This is the best Franciacorta I have tasted by a country mile.  It has no dosage but doesn’t need one – there’s loads of juicy fruit sweetness without any extra sugar.  Talking of which, Arcari + Danesi don’t even use sugar or the second alcoholic fermentation, but rather grape juice from their own harvest.  If you’ve been underwhelmed by the Franciacortas available where you are (and I was) then this shows you how good they can be.

5. Nyetimber Classic Cuvée MV

picture 86377

12.5%, RRP €61.99.  Distributed by Liberty Ireland.  Also see related article here.

More and more English sparkling wines are coming to the market each year and the overall quality keeps getting higher, but for me Nyetimber are still top of the pops.  So how do they stay ahead of the chasing pack?  A relentless drive to improve has made their Classic Cuvée better with each subsequent release.  Is there a ceiling?  I don’t know, but it will be fun finding out!

4. Champagne Alfred Gratien Cuvée Paradis NV

Champagne Cuvee Paradis Brut Alfred Gratien

12.0%, RRP £125.00 (magnum).  Distributed in the UK by The Wine Society.

Alfred Gratien doesn’t receive the kudos that some of the big houses do, but their no-nonsense Champagnes have plenty of fans.  This is a magnum of their top offering; with several years post-disgorgement it’s on the mature side (which is a good thing) but has plenty of years left (also a good thing).  I’ve tried it twice in the past 18 months and it was even better the second time.  If you can get your hands on some, do!

3. Champagne Gosset Grand Millésime 2004

Gosset Grand Millesime 2004

12.0%, RRP €95. Distributed in Ireland by Mackenway and in the UK by BBR.

The oldest extant Champagne house, Gosset was founded in 1584 – before Champagne wines were even sparkling.  They have a fantastic range, with the Petite Douceur Extra Dry Rosé and Blanc de Blancs also being big favourites of mine.  I’ve  been lucky to try the Grand Millésime 2004 several times recently and it’s truly magnificent – such finesse and complexity.  It’s even found a fan in my dad who doesn’t normally bother with anything sparkling.  The blend is 55% Chardonnay and 45% Pinot Noir, neither of which go through malolactic fermentation, preserving freshness. A minimum of six years’ ageing on lees before disgorgement is not as long as some prestige cuvées but helps to generate lots of interesting creamy, nutty and fruity notes.  A real treat!

2. Champagne R&L Legras Cuvée Exceptionelle Saint-Vincent 1996

r-l-legras-saint-vincent-blanc-de-blancs-grand-cru-brut

12.0%.  Distributed in the UK by BBR.  Also see related article here.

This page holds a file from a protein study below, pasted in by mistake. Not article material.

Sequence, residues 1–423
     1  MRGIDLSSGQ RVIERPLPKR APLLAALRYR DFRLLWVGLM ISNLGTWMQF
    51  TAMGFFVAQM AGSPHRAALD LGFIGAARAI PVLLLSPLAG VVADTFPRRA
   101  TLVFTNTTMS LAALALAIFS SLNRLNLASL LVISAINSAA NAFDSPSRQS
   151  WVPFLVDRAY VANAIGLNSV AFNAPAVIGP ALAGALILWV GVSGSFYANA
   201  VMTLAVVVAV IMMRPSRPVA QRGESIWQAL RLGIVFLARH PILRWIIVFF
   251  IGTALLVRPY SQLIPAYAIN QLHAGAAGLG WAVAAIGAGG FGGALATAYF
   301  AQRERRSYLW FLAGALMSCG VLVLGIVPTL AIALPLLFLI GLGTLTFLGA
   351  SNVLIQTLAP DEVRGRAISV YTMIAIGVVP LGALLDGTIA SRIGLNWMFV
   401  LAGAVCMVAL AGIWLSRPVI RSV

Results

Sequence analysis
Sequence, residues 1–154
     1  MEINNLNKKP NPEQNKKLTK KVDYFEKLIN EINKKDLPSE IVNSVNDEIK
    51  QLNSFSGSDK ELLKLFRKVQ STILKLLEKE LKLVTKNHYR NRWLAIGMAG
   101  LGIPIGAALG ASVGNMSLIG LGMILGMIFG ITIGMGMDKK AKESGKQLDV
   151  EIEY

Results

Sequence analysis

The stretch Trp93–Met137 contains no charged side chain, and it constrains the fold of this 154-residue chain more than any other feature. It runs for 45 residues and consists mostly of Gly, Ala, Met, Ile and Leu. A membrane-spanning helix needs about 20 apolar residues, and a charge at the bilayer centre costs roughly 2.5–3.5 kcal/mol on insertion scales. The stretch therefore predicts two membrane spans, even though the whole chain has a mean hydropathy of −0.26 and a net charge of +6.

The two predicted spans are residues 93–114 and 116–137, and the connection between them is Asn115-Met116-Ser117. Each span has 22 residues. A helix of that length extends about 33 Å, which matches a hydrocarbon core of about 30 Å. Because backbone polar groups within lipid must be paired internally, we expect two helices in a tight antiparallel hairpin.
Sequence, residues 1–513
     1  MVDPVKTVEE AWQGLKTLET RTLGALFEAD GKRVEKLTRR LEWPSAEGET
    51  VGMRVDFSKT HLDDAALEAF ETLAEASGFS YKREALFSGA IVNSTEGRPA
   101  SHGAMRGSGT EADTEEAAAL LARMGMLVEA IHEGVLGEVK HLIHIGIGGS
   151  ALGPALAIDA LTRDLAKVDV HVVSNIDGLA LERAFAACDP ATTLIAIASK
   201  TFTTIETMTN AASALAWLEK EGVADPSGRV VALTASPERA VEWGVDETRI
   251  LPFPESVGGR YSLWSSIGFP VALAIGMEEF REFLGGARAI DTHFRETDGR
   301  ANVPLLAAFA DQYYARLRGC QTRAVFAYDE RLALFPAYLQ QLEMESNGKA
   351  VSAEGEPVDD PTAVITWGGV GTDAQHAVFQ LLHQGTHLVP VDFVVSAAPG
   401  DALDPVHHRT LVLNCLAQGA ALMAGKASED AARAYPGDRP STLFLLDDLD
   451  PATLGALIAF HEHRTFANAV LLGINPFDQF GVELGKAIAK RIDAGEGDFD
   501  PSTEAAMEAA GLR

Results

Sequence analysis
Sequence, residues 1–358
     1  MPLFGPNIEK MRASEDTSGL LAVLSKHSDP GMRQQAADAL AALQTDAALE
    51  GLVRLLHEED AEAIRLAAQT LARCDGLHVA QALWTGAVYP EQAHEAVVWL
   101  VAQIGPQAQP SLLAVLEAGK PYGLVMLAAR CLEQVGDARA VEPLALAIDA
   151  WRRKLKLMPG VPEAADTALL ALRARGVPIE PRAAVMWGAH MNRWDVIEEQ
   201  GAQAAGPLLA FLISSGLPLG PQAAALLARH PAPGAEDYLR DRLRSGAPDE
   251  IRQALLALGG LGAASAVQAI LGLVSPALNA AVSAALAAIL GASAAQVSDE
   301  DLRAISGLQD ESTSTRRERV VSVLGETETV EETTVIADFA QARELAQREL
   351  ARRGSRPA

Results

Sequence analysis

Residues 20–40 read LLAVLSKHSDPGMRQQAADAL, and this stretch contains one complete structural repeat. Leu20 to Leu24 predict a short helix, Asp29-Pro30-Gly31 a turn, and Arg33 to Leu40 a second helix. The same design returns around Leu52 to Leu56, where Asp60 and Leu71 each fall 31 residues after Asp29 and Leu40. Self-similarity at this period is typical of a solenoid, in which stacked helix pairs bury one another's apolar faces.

While this is also a treat, it’s not for everyone as it is quite mature in style (apparently, some people don’t like mature Champagne – what gives?).  But I bloody love it!  From the  village of Chouilly, this is 100% Grand Cru Chardonnay.  Quite tight and structured on release, a dozen or so additional years of bottle ageing have added layers of spice and baked apple onto the citrus and brioche framework.  This is mature but far from tired, so don’t be in a hurry to drink it.

1. Champagne Dom Pérignon P2 2000

Dom Pérignon 2000 P2

12.5%, RRP €420.  Distributed in Ireland by Edward Dillon; retailed by SIYPS.

Even people quite familiar with Dom Pérignon – it is the best selling luxury cuvée, after all – might not be aware of the house’s P2 and P3 Oenothèque releases.  The “standard” or “regular” (how inadequate those words sound!) Dom Pérignon 2000 was released in 2008 after disgorgement the previous year, so after six or so years on the lees.  Some of the wines were held back and aged on lees for an additional nine years, apparently the wine’s second peak (or “Plenitude“).  The result is not just more autolytic notes, but it’s a turbocharged Dom Pérignon, with nuts, cream, coffee, honey….the list goes on, as it stands as one of the best wines I’ve ever tasted (of any type).  Yes, it’s just over double the price of the current release of DP, (around €200) but it’s not that much more than the DP Rosé which I think it is far better than.  If you get chance to taste this, you must.

 


The Frankly Wines 2019 Top 10s:

  • Top 10 Whites
  • Top 10 Fizz
  • Top 10 Reds
  • Top 10 Sweet
  • Top 10 Value Whites
  • Top 10 Value Reds
  • Top 10 Alsace wines tasted in Ireland
  • Top 10 Alsace wines tasted in Alsace

 

Tasting Events

To SPIT or not to SPIT (Part 4 – GrapeCircus)